Germany's closure of Indymedia feeds debate over online censorship

The German government has shut down the German branch of Indymedia, a global network that purports to be a platform for grassroots journalism and online activism.

Germany’s Interior Minister, Thomas de Maizière ordered the closure of on August 25, after a police raid on its supporters turned up knives, batons and catapults.

De Maizière said that the site’s supporters were linked to the violence that accompanied the G20 summit in Hamburg in early July.

According to a report from Reuters, the minister told a news conference that “for years they have been using this platform to express hate against those who think differently as well as representatives of this country.”

“They call for attacks against individuals and businesses,” De Maizière said.

The closure was sharply criticised by Patrick Schiffer, the chairman of Germany’s branch of the Pirate Party, an international political organisation that lobbies for direct democracy and internet transparency.

In a statement, Schiffer said that the site’s closure threatened to “stifle” free expression, and that the move was motivated by De Maizière’s desire to be seen as a conservative hardliner in Germany’s upcoming parliamentary elections.

Simon Kowalewski of the Pirate party’s Berlin branch went further, labelling the move “authoritarian” and an “attack” on free expression.

Key context:

  • Indymedia was one of Germany’s first examples of Open-Publishing.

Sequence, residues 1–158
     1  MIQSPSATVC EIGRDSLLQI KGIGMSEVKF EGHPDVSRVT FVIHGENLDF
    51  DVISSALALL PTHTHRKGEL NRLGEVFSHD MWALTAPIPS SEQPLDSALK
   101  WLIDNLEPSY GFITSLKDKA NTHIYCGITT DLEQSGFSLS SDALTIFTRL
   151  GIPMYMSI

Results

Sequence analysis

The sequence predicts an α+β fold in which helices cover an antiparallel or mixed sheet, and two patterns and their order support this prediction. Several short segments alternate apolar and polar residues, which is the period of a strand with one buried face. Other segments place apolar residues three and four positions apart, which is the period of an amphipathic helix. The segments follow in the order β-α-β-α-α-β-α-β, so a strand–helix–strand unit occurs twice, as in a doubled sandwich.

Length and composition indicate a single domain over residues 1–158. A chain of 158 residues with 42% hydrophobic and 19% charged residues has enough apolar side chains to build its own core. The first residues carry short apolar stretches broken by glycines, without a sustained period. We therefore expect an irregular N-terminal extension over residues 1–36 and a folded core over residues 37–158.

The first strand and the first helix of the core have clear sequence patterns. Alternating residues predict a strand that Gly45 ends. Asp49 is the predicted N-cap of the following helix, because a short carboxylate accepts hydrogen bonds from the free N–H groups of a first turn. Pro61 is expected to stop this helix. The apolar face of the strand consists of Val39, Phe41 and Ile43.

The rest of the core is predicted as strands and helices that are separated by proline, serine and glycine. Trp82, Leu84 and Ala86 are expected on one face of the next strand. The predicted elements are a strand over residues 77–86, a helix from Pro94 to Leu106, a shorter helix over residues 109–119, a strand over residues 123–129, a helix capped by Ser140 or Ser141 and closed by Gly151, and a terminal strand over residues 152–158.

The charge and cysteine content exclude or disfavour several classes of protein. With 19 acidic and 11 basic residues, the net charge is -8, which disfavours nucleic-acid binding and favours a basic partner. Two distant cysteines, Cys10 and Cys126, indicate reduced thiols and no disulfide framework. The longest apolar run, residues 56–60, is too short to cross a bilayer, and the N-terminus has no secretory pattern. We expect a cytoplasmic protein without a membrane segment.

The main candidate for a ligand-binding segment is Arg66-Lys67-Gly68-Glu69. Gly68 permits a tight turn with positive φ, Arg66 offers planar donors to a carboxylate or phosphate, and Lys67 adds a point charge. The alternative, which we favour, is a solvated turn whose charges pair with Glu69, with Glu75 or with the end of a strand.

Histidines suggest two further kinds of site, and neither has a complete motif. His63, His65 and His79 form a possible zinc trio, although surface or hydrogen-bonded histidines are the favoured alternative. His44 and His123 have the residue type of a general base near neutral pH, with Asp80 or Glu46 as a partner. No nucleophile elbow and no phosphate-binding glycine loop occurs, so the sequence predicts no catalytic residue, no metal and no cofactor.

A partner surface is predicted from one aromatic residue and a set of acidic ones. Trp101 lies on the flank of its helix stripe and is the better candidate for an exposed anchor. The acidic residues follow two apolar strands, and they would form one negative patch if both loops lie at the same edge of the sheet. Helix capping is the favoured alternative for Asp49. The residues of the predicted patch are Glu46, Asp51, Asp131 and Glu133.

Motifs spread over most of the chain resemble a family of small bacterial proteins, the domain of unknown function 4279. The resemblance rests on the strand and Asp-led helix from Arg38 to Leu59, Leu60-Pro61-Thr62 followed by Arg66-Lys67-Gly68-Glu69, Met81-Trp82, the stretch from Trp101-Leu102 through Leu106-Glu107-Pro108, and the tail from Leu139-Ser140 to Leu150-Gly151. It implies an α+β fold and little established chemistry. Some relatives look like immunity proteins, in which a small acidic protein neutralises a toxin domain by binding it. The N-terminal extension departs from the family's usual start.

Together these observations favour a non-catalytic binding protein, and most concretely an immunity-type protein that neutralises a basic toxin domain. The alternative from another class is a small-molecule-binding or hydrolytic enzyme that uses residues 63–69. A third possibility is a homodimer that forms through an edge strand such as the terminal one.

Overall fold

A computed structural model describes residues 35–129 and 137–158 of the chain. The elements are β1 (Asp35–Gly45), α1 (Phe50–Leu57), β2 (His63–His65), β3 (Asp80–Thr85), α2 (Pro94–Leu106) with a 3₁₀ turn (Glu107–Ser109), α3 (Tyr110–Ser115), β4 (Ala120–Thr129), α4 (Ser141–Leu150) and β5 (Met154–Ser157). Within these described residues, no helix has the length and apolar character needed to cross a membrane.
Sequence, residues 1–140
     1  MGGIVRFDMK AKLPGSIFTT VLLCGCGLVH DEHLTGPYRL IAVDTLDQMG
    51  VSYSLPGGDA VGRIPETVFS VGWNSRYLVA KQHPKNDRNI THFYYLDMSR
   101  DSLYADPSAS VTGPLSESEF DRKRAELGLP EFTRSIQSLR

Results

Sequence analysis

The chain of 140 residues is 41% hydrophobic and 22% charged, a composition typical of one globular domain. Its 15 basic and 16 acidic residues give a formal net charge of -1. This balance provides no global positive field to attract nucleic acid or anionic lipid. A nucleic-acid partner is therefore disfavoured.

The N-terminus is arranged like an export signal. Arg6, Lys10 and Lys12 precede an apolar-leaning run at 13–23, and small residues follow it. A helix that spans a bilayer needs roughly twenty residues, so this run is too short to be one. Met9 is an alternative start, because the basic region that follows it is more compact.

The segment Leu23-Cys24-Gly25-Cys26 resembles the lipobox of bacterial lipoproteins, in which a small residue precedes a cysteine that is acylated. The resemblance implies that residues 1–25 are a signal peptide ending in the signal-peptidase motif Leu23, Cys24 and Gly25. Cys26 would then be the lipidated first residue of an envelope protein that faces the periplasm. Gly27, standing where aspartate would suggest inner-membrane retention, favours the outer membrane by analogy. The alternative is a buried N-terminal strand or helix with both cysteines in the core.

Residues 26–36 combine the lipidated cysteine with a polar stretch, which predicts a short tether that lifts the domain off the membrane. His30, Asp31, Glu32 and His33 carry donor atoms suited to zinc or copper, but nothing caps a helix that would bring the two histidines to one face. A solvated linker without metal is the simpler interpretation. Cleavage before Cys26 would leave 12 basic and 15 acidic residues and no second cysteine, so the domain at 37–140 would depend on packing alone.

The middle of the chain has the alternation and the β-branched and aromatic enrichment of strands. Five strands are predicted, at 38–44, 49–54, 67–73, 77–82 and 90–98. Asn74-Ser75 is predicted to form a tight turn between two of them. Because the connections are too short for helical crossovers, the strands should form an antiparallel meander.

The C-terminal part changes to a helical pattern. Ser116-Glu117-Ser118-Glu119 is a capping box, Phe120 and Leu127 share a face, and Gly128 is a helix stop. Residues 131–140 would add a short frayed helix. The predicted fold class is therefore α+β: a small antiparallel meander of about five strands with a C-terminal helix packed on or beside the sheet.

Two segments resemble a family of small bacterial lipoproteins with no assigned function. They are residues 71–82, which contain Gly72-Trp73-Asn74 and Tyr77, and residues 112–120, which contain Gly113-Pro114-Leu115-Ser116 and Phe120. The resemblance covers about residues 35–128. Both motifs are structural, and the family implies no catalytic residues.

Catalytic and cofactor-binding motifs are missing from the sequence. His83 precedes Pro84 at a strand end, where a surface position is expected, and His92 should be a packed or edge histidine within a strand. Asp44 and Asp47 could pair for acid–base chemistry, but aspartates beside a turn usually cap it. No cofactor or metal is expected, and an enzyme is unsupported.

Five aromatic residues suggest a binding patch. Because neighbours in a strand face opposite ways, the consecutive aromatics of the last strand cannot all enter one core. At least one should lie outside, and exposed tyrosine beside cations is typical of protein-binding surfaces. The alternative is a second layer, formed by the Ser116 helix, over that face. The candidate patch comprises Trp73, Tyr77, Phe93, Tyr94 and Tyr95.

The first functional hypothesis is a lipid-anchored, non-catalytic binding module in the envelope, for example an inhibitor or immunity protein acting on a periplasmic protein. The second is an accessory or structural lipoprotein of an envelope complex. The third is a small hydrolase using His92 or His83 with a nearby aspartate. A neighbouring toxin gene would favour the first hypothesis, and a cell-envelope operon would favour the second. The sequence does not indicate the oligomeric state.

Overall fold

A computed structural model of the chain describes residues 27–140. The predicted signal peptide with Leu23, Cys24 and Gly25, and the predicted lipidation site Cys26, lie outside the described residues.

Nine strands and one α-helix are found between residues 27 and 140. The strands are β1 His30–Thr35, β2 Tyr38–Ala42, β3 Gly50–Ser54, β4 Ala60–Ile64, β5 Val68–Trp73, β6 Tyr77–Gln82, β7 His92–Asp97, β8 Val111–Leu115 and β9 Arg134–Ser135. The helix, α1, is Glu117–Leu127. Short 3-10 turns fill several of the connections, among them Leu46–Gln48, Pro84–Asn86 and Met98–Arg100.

• The site’s closure comes against a backdrop of heightened political polarisation across the Western world.
  • Political violence, including at a white supremacist rally in Charlottesville, in the U.S., as well as in Hamburg, has been linked to a rise in online hate speech and radical rhetoric.
  • President Donald J. Trump lashed out at coverage of the Charlottesville violence, calling the journalists who criticised his response “truly dishonest people”.
  • Trump was criticised the following week by the United Nations High Commissioner for Human Rights for attacking the freedom of the press, including his repeated references to “fake news”.
  • German Chancellor Angela Merkel‘s spokesman, Steffen Seibert,criticised the Charlottesville demonstration as “outrageous racism, anti-Semitism and hate in its most despicable form”.

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Closed Indymedia website from German government

website  W as closed on Friday.

German Interior Minister Thomas de Maizière ordered the site was closed. According to news reports, De Maizière closed the site for “sowing hate against different opinions and representatives of the country. He   linked the site to left-wing extremist.

Patrick Schiffer for The Pirates Party   has issued a statement stating that the government’s task is to ensure security, but also free expression and press, according to the constitution.

Simon Kowalewski, forThe Pirate Party of Berlin described the closure as “a scandalous act of an authoritarian government”.

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